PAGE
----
Once he got off the train, he began to look around. The station was fairly empty, considering the fact they were in one of the biggest cities in the world, so it was easy to find the person Bömelburg had sent to pick him up; the young officer was wearing his Gestapo uniform, as well.

Krüger walked towards him. “Are you the one that’s supposed to meet me?”

He looked over at him. “I presume you’re Herr Krüger.” he held his hand out to him. “Gunter Albrecht, at your service.”

“It’s a pleasure.” They shook hands. Albrecht lead Krüger outside the station and to a black car parked out in front of it.

“I don’t suppose you know much about what I’ll be doing here, do you?” Krüger asked as they got in the car. Albrecht hopped into the driver’s side seat and turned the car on, making the engine rumble.

“Bömelburg didn’t mention anything, no,” Albrecht said as he pulled away from the curb and began driving towards headquarters. “I guess he didn’t think it was important for me to know.” He turned a corner and began heading down a large street, one lined with cafes and stores with colorful awnings. Krüger looked at each one of them, wondering about whether or not he would end up at any of them.

Then, he saw a bookstore, one with a blue and white awning. He hadn’t realized he missed books until he saw it; the only book he brought was a worn out edition of Mein Kampf.

“How much free time do you have here?” Krüger asked as they passed the store. Albrecht shrugged.

“It depends,” he said. “There hasn’t been much as of late, with the business with Carte and all. We’ll probably have a lot more, now that we’re finished with all that.” Albrecht stopped at a stoplight as it turned red, despite the fact that he was the only car on the street.

“I think you’ll enjoy it here,” Albrecht said. “People always think that work here is intense all the time with how big our district is, but it really isn’t. It’s a lot of shuttling Jews and Communists off east, with the occasional encounter with the resistance.”

“I was actually hoping for something a little higher pace,” Krüger said. “We hardly did anything the last place I worked.”

“Now, I didn’t say we didn’t have anything to do; there’s still plenty of work to be done,” Albrecht said. “It just isn’t going to be fast moving.” They pulled over to the curb beside a building, with a blue plaque that said 11 Rue de Saussaies.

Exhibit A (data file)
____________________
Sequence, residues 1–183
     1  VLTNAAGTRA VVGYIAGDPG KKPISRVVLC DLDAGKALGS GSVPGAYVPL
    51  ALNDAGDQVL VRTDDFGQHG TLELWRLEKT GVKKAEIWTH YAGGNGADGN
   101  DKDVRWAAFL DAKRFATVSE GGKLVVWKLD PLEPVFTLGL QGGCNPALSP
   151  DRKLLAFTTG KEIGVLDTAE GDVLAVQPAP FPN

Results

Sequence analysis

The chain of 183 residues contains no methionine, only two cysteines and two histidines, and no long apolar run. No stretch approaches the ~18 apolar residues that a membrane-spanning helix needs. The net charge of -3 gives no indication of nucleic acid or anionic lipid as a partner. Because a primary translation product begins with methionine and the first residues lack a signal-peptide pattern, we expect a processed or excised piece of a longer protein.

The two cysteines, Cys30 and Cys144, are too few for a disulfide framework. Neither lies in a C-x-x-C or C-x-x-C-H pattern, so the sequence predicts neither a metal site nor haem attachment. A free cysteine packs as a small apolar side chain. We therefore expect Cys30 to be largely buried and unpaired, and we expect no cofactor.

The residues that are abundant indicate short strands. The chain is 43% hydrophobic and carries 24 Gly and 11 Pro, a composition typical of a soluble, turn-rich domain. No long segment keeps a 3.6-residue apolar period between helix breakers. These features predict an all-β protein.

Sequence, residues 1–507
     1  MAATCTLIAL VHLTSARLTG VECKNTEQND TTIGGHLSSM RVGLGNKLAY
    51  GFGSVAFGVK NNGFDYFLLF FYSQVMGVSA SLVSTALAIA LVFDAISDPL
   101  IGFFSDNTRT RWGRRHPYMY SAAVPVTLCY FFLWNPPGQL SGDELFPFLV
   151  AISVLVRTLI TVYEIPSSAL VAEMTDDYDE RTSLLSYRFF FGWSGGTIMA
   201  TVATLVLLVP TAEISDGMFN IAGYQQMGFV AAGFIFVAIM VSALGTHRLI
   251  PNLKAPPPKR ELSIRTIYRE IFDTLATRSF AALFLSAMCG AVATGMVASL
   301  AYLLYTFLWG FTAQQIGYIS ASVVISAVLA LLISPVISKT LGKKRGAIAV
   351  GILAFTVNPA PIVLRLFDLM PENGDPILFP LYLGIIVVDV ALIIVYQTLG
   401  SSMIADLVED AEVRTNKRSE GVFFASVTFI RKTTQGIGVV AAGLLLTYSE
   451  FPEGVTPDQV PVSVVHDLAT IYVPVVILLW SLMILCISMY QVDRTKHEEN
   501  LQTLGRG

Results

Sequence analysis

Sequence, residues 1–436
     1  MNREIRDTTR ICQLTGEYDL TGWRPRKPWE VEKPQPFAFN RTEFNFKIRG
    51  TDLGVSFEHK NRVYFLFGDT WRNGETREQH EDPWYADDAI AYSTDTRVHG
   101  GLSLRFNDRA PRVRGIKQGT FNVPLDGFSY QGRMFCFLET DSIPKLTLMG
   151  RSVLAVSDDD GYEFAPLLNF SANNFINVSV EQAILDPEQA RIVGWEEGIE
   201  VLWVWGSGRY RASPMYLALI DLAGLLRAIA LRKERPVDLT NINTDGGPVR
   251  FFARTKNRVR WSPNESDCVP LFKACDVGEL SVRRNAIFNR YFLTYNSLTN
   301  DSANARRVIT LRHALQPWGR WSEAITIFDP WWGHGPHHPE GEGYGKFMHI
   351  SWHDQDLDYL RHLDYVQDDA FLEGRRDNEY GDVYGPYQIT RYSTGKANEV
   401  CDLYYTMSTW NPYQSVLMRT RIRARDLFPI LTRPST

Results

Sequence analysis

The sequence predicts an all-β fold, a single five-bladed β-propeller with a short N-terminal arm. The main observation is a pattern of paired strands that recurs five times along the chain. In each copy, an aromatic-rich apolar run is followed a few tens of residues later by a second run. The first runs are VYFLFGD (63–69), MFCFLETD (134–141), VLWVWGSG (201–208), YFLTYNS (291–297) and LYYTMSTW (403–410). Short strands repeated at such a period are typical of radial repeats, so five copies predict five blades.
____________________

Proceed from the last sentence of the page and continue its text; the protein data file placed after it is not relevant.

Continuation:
“Welcome to headquarters,” Albrecht said as he stopped the car. He pulled the keys out of the ignition, killing the engine, and the two of them stepped outside. The air was chilly, just as it had been back in Fresnes before he left. “I think Herr Bömelburg said he would be on the second floor; something about a strange transmission.”

“Strange transmission?” Krüger asked, suddenly excited as they walked towards the building. That was usually how they found spies and resistors.

“Yeah,” Albrecht said. “He didn’t tell me much about it, though; I guess he isn’t so sure about what it means, himself.”

A Nazi flag was the first thing that greeted Krüger when he walked into headquarters. Men wearing uniforms similar to his were walking past each other, seemingly rushing to something. A few carried documents, others briefcases, and some didn’t have anything in their hands. There was even the odd woman, likely the secretaries of high ranking men like Bömelburg. Krüger didn’t notice much of it right then; he was too curious as to what awaited him on the second floor.

As it turned out, the second floor of the headquarters was one giant room, filled with radios. Operators sat at each one, tapping messages on morse keys and receiving them through headphones. Bömelburg stood behind one particular operator, one with blonde hair, pale skin, and an acne problem, the puss-filled, red lumps covering his forehead and dabbling his chin. He also had a large Adam’s apple, one that bobbed up and down as he spoke to Bömelburg.

Bömelburg looked up at them as they came in, a slight smile. “Welcome, Herr Krüger; impeccable timing.” He motioned them over to the radio.

“What’s going on?” Krüger asked as they reached the radio. “Has something happened in Berlin?”

“N-no, sir,” the radio operator stuttered. “It’s a message from Paris, but I don’t think it’s one of ours.”

Krüger perked up when he heard that. Not one of ours?

“What do you mean?” he asked.

“Well, I tried to put it through one of our enigma machines to try and decode it, but it didn’t work,” the operator said. “Either someone who isn’t in our army is sending messages with a radio transmitter, or someone’s started using a new code without informing the rest of us.”

Krüger couldn’t help but smile just a little. He liked what that meant.

“Gentlemen,” Bömelburg said. “It appears we have more spies in our midst.”